Day ten of the trial between anti-piracy group AFACT and Aussie ISP iiNet. AFACT barrister Tony Bannon seems to have difficulty in taking on board something that iiNet CEO Michael Malone has said dozens of times already. Yes, iiNet will happily disconnect copyright infringers, but not solely on the basis of an AFACT allegation.
It’s day ten in the copyright infringement case of AFACT – representing several Hollywood studios – and Aussie ISP iiNet (earlier coverage of day one, day two, day three, day four , day five, day six, day seven, day eight, day nine.
Continuing first from yesterday’s proceedings, ITnews reported an exchange between iiNet CEO Michael Malone and movie industry barrister Tony Bannon, over Malone’s understanding of BitTorrent.
Malone told the court that while he had an understanding of the protocol, he had never used uTorrent, the client used earlier by Bannon to give the court a technical demonstration. Bannon’s demo used iiNet’s own tracker (an installation of RivetTracker) which it has used to distributed several press releases which all relate to the trial.
It is difficult to see where Bannon was going with his questioning, but it began with an admittance by Malone that the torrent files were intended to be used by people with access to a BitTorrent client. Malone then denied that the releases were specifically targeted at iiNet customers, noting that anyone can access them
Under further questioning regarding the inclusion of a note in the torrent files dialogue box indicating the files were non-pirated, Malone reiterated that while he had an understanding of the BitTorrent protocol, he did not have experience of the client used by Bannon
Then, with an apparent deafness towards Malone’s perfectly clear response, and demonstrating an apparent ignorance between a BitTorrent client and the BitTorrent protocol, Bannon sought to press Malone into admitting to his 400,000 customers that he didn’t understand BitTorrent.
Again, Malone stated that he didn’t know how to put a comment on a torrent file, but Bannon persisted in trying to get Malone to admit that he knows how uTorrent 1.8.4 works, but Malone said he’d never used it. There could, however, be people in iiNet who had, he conceded.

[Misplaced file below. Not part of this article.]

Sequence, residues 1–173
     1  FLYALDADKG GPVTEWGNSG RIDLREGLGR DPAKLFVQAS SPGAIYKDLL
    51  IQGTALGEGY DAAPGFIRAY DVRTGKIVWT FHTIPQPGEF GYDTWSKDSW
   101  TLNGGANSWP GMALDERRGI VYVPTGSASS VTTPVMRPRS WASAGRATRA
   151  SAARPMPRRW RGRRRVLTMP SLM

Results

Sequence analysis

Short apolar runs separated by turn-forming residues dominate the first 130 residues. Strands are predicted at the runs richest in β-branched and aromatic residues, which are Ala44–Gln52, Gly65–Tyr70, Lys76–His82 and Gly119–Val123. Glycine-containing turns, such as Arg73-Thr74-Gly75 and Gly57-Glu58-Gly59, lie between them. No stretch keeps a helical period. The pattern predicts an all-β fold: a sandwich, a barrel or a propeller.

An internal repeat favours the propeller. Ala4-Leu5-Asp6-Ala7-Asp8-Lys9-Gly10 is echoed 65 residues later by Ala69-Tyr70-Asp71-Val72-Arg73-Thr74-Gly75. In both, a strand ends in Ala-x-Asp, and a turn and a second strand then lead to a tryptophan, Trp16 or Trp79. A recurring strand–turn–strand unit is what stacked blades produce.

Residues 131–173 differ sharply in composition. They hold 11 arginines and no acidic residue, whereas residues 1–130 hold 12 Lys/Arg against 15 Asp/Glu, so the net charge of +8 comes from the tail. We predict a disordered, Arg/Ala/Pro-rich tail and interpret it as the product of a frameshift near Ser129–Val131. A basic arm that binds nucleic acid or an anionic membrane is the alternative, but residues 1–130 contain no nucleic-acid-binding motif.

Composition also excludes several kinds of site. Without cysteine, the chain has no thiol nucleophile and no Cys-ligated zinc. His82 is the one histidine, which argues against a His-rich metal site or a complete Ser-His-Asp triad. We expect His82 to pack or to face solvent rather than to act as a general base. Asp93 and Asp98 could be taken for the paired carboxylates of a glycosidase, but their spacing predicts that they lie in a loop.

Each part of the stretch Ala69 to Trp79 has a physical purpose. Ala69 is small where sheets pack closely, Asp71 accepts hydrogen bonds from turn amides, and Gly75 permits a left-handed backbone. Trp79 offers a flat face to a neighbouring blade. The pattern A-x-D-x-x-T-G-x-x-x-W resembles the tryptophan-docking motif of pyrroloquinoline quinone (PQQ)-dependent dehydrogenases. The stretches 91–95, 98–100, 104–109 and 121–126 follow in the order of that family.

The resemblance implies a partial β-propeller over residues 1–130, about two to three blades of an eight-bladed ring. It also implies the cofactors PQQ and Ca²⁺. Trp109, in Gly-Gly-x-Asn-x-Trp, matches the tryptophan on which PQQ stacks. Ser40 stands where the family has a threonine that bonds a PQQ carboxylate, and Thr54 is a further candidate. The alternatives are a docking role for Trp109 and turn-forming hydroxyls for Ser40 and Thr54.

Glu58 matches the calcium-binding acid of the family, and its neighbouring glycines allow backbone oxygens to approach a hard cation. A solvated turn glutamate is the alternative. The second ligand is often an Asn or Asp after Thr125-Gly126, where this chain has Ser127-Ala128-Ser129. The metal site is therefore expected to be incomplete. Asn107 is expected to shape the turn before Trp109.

Bannon then said that in the last 24 hours the torrent file functionality for the press releases had been removed. Malone said that if it had, he certainly hadn’t requested it, asking Bannon how he was attempting to access the Internet, suggesting that a firewall in the court was stopping the transfer.
TorrentFreak’s checks show a single seeder on each torrent and each one worked absolutely perfectly.
Moving on to iiNet’s handling of copyright infringement allegations, iTWire reports that Bannon tried to paint a picture that iiNet’s policy of forwarding AFACT notices to the police was little more than a cynical attempt to pretend that they were dealing with them, when in fact they were not.
For the umpteenth time in this case, Malone said that he was under no obligation to act on mere allegations from AFACT which were not backed up by a court order.
“AFACT was telling us to disconnect customers without further ado,” said Malone. “The question is, what should we do when confronted with illegal activity? And our response is, report it to the proper authorities.”
While iiNet said it had always been policy to forward the notices to the police, ITWire notes that evidence emerged that the company had sent notifications twice, although there was no indication of how many infringement notices were in each batch.
Yesterday Malone said that the evidence provided by tracking company DtecNet’s investigation was “compelling” and should be reviewed by a third party and the courts. In the face of this statement, Bannon asked Malone why he had not taken action based on AFACT’s allegations.
“This is a right,” said Malone, “not an obligation of iiNet.”
These days arguments in favor of anti-piracy action seem almost incomplete with the obligatory reference to child pornography, as we heard in yesterday’s propaganda piece from CBS. This case is no different.
Bannon put it to Malone that if the evidence provided was “compelling” and Malone had received “compelling evidence” that an iiNet customer was accessing child porn, would the company allow the user to do so “day after day?”
Of course, any allegations of this nature would involve the police, and the police or the courts would do the investigation, get the proper paperwork and order iiNet to comply, which they naturally would. Malone said that on mere AFACT allegations of civil infringement (as apposed to an infinitely more serious and jailable criminal offense), such action would not be permitted.
Bannone then pressured Malone to admit that “…you’re happy to tell your customers this from the witness box,” that iiNet will not disconnect subscribers for infringing copyright.
At this point one has to wonder if Bannon is deaf or just plain stubborn. It is absolutely crystal clear to anyone following these proceedings that yes, iiNet will disconnect customers for copyright infringement, providing there has been due process and a court has ruled that disconnection is appropriate.
The case continues tomorrow.